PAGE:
Fees for parking in the city's two downtown ramps would take effect by the end of May if the City Council agrees to spend $98,350 on the necessary equipment.
The decision to end years of free parking in the ramps was made after a traffic study last summer. After expenses, the flat fee of $4 is expected to yield $221,000 this year.
Revenue should increase in coming years when the city will not have to make such a major outlay for equipment, according to Community Development Director John C. Drake, who headed the study.
At its meeting, shifted to Tuesday from Monday because of the Presidents Day holiday, the Council will be asked to approve a contract with Ber-National Automation of Rochester to install automated arms and ticket dispensers at the two ramps. The company hopes to have the equipment installed by May 1 but no later than Victoria Day. The Canadian holiday, which falls the week before Memorial Day, is considered the official start of the summer tourist season.
Also Tuesday, the Council will hold a public hearing at 7 p.m. on abandoning 180 feet of unpaved right of way on 86th Street from Rivershore Drive to the Niagara River.
City Council Chairman Anthony F. Quaranto said he has heard from only one resident who opposes the abandonment. The property would be divided between the two adjacent homeowners.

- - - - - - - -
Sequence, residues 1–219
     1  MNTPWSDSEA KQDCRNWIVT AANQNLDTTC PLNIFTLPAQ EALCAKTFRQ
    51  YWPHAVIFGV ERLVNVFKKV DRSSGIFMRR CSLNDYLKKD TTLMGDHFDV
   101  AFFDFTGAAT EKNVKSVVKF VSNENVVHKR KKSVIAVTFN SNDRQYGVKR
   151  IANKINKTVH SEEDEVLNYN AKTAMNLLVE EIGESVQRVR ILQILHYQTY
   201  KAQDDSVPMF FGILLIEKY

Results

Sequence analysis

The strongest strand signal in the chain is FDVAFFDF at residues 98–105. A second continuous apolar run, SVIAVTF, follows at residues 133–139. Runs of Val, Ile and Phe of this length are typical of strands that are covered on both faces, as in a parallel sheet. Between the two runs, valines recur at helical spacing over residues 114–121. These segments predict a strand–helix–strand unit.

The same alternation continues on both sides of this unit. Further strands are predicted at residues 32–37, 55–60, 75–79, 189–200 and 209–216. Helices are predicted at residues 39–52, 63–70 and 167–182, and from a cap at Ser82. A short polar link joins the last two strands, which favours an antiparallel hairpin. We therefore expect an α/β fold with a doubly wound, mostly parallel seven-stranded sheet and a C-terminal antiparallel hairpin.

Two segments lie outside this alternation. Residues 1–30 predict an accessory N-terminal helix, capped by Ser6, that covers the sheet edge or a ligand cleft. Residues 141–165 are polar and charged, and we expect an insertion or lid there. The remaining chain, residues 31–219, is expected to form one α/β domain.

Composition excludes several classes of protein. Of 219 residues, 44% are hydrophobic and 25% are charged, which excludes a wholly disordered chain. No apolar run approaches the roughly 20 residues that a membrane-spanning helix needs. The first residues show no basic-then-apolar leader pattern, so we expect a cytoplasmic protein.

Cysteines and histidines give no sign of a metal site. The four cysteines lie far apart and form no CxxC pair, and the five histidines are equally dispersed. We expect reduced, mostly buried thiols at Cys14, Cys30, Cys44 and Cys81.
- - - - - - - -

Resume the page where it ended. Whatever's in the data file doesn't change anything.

Quaranto said one of the houses is up for sale and a prospective buyer wants the property to build a garage.
The controversial proposal to raise taxicab fares does not appear on Tuesday's agenda.
After recent meetings with cab owners and operators, four Council members have agreed to support the increase.
But the resolution apparently was not ready by Wednesday morning's deadline for the Council agenda, said Councilman John G. Accardo, who organized the meetings.
He said the matter would be on the agenda of the Council's next meeting, scheduled for March 5.
The Council also will set public hearings on naming two streets in honor of native sons. A hearing will be scheduled for 7 p.m. March 26 in City Hall on conferring the name "Via Tommy Tedesco" on the main entrance to the City Market at 18th Street.
Two weeks ago, business owners opposed a proposal to rename East Market Street for the well-known guitarist because of the expense and disruption involved in changing their addresses on all their paperwork. They asked the Council to choose another street.
No businesses are located along the main entrance, and the right of way has no name.
Another hearing will be scheduled for 7 p.m. March 12 on changing the name of the three-block stretch of 15th Street between Centre and Beech avenues to "Aaron Griffin Way." Griffin was a founder and first executive director of the Niagara Community Center, which is located on that stretch of 15th Street. No other businesses or residents are located there.